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Administrative Hearing Commission

Richard Maseles, Esquire 

School nurse is not subject to discipline for violating school policy by taking medical administration book home, where she was ignorant of policy and no harm was caused. State Board of Nursing v. Hampton, No. 10-0687 BN (Mo. AHC, March 16, 2011), Chapel, C.
Hampton was a school nurse for a district that used a "Medical Administration Book" at Hampton's school to keep students' medical records, such as doctors' orders. District policy forbade employees from removing the book from the school. Hampton did not know that, and she had also been told that she had to take work home sometimes. She took the book home to bring it up to date. The information in the book was duplicated on the school's computer system and its log printout, both of which were at the school, so there was no harm caused by removing the book. The Commission decided that her actions did not subject her to discipline. She did not violate professional standards under Section 335.066.2(5), and did not violate a professional trust or confidence under Section 335.066.2(12).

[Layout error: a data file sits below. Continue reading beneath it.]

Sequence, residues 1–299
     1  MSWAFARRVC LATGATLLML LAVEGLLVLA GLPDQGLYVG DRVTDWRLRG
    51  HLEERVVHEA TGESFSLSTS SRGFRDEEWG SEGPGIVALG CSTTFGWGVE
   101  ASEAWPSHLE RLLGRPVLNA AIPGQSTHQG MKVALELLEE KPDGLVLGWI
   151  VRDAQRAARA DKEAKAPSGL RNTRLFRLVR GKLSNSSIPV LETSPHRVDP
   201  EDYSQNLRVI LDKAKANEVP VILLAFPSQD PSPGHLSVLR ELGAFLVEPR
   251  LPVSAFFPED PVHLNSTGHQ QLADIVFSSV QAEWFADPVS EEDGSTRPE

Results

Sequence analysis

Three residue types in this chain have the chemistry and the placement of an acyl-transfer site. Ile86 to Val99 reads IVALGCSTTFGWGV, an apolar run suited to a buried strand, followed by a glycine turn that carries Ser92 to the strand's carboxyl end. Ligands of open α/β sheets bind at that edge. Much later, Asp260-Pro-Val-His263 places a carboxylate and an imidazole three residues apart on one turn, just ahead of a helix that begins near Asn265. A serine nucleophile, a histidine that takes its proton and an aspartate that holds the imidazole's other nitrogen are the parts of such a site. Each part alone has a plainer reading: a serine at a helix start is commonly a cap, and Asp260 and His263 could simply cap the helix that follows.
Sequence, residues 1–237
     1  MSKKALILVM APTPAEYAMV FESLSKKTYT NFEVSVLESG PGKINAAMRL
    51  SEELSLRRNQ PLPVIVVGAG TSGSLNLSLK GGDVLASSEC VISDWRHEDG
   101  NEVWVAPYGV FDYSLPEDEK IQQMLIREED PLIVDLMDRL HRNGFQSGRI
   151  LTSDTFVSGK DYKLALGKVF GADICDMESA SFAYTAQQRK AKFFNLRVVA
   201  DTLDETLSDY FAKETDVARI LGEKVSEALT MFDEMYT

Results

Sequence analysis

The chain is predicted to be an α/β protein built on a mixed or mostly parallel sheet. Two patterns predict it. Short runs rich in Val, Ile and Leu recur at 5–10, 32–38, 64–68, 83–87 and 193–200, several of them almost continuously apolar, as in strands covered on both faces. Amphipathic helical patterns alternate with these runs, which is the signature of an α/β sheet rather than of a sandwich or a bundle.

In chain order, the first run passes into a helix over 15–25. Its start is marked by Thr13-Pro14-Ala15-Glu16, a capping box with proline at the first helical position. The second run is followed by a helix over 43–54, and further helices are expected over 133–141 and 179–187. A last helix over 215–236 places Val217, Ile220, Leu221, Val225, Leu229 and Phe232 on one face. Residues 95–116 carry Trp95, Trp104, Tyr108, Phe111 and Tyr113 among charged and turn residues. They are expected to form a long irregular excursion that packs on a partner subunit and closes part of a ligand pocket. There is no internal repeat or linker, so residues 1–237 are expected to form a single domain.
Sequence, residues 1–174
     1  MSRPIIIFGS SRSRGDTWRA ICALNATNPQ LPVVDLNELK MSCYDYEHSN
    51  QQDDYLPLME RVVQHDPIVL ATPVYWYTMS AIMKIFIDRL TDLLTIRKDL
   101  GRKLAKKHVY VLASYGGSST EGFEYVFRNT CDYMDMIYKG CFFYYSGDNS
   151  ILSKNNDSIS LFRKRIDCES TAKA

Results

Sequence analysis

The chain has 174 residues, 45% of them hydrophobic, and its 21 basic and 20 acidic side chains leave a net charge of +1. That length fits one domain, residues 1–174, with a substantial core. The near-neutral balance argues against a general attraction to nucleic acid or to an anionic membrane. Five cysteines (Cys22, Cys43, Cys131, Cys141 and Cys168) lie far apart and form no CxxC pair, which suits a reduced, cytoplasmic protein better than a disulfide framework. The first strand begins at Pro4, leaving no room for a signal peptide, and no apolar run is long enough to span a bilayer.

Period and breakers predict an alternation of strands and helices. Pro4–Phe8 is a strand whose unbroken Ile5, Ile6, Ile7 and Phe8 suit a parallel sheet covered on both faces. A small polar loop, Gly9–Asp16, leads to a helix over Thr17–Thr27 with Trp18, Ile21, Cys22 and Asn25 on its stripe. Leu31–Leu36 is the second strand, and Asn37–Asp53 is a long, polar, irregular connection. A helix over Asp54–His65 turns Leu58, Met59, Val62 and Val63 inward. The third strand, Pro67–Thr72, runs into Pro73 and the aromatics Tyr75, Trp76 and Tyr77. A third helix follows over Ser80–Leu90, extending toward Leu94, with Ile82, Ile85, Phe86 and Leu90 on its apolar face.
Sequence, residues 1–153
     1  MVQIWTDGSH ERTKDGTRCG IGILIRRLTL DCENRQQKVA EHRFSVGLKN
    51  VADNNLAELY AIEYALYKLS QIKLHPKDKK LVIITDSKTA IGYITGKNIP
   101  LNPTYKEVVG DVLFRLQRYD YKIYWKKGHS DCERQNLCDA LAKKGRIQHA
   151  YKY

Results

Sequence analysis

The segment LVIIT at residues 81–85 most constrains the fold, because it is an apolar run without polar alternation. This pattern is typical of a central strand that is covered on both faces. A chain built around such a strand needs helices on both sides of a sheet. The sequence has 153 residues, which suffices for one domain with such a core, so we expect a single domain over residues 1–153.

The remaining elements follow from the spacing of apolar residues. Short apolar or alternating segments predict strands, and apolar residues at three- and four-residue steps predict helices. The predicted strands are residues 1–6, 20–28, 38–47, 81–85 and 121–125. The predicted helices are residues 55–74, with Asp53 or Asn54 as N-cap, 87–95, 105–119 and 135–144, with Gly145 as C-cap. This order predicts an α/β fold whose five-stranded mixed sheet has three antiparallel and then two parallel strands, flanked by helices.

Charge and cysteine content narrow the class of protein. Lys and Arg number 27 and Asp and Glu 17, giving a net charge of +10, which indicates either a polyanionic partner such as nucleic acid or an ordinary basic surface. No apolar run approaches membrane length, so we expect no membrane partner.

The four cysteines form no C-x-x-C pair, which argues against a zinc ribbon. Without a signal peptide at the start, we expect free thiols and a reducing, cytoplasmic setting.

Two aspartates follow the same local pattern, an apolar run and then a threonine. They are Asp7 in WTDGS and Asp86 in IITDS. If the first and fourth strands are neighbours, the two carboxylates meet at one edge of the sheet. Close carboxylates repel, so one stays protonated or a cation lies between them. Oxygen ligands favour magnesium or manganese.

Insurance producer selling Medicare Advantage plans held subject to discipline for falsifying insurance application and for violating Medicare marketing requirements, but not for misrepresenting terms of policy. Director of Insurance, Financial Institutions and Professional Registration v. Norphy, No. 09-0530 DI (Mo. AHC, March 15, 2011), Chapel, C.
Norphy sold Medicare Advantage (MA) plans to elderly people, often coming to their door without an appointment. He represented wrongly to customers that their MA copayments would be paid by Medicaid; that was not so. He was not subject to discipline for misrepresentation under Section 375.141.1(5) or (7), because he did not intend to deceive-he simply did not understand what he was selling. The plan also required the insured to have one of several health symptoms such as chronic obstructive pulmonary disease (COPD). Norphy completed an application for coverage for one customer, showing that she had COPD when she did not have it. That was a false or fraudulent statement on a policy application under Section 375.141.1(7).  His practice of meeting potential insureds without appointments violated Medicare Advantage Marketing Requirements (42 C.F.R. Section 2268) and was a dishonest practice under Section 375.141.1(8).

The Missouri Bar Courts Bulletin, 11-Apr